Researching the Economic Impact of Rail Trails During the Pandemic

During the COVID-19 pandemic, many people have taken advantage of spending time outside of the office and have looked towards the outdoors to find ways to fill their time during the pandemic.  Utilizing outdoor trails is one safe and socially distanced way that people have found to do this.  Cooperative Extension has been collecting research for an economic impact study of the rail trails in New Hampshire and this year, the pandemic has added an additional level of difficulty to data collection and has also presented an opportunity for more research. 

My name is Shea Pare and I am an undergraduate senior at the University of New Hampshire.  I am studying community and environmental planning with a minor in environmental conservation and sustainability.  This semester I am working with my mentor, Shannon Rogers, with Cooperative Extension to collect data on rail trail use in New Hampshire.  I have been visiting different trails throughout the state and surveying users about their trail use and spending during their visit.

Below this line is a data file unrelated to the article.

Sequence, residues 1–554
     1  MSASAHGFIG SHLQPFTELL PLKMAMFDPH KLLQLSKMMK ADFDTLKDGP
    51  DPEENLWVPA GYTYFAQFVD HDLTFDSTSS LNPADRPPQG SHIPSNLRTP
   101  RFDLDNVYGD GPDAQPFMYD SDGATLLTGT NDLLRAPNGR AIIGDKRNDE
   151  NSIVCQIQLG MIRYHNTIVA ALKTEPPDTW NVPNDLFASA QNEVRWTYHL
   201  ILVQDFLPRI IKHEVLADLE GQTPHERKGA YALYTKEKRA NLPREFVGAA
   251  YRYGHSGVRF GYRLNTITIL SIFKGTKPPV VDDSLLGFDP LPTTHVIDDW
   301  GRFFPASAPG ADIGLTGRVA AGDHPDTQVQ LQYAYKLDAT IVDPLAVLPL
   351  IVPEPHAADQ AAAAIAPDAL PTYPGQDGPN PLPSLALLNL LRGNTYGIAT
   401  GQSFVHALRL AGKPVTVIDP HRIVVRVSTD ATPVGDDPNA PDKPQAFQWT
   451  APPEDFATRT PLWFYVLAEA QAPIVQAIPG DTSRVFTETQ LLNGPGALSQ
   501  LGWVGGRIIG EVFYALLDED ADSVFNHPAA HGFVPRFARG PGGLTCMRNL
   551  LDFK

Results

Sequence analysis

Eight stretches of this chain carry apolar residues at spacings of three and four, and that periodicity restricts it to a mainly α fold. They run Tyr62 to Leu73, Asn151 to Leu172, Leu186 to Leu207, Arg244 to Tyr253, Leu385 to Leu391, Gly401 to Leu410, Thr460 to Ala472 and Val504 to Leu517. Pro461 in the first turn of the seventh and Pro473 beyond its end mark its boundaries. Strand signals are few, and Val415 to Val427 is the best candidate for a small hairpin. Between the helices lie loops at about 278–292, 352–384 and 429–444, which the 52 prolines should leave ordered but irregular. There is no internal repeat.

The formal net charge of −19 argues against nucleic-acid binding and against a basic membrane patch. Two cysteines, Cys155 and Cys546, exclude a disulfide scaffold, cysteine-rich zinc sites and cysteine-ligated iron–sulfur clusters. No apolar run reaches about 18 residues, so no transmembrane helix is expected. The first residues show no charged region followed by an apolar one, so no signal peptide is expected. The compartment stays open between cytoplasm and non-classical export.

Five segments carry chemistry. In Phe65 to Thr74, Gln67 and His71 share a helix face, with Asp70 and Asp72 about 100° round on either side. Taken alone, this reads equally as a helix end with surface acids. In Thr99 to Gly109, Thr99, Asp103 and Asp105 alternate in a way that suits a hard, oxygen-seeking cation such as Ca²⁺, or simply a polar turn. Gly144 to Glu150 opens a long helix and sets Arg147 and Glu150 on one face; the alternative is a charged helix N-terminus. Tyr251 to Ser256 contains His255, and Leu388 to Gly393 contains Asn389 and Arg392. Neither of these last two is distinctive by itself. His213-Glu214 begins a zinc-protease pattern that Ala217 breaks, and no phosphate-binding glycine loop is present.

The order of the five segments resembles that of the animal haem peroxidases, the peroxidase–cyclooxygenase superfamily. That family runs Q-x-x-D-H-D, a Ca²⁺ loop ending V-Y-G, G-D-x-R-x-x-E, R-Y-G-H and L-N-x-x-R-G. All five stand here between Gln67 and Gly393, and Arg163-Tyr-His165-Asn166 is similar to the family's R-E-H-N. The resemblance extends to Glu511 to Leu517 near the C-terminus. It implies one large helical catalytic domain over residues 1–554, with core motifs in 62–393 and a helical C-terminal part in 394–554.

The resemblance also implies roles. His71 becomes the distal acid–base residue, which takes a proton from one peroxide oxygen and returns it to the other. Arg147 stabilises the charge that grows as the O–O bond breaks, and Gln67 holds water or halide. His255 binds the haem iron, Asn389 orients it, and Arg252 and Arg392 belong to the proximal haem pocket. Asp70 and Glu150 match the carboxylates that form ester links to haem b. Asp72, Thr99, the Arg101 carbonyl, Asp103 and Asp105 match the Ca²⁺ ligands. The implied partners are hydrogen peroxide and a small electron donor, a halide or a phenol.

The COVID-19 pandemic has forced us to change our surveying strategies in order to keep ourselves and greater community safe.  Instead of having participants fill out a paper survey, we are encouraging them to fill out an online survey.  We have a QR code posted on a sandwich board as well as on postcards so people can access the survey on their own time from a safe distance.  While we are encouraging participants to fill out the survey digitally, we have paper surveys and sanitized clipboards available for those who do not have access to a phone or would prefer a paper survey.

Although the pandemic has created changes in surveying techniques, it has also allowed us to gather information on how COVID has impacted people’s behaviors.  We have added questions to the survey about how the pandemic has impacted rail trail use.  This could allow us to analyze changes in trail usage, and spending, and the economic impact on local communities.

I am looking forward to continuing my work with Cooperative Extension for the remainder of the semester and into the summer.  I have learned various techniques for data collection, gathered knowledge from participants, and learned about how valuable these trails are to the communities they belong to.  I am thrilled to have this opportunity studying the economic impact of New Hampshire’s rail trails.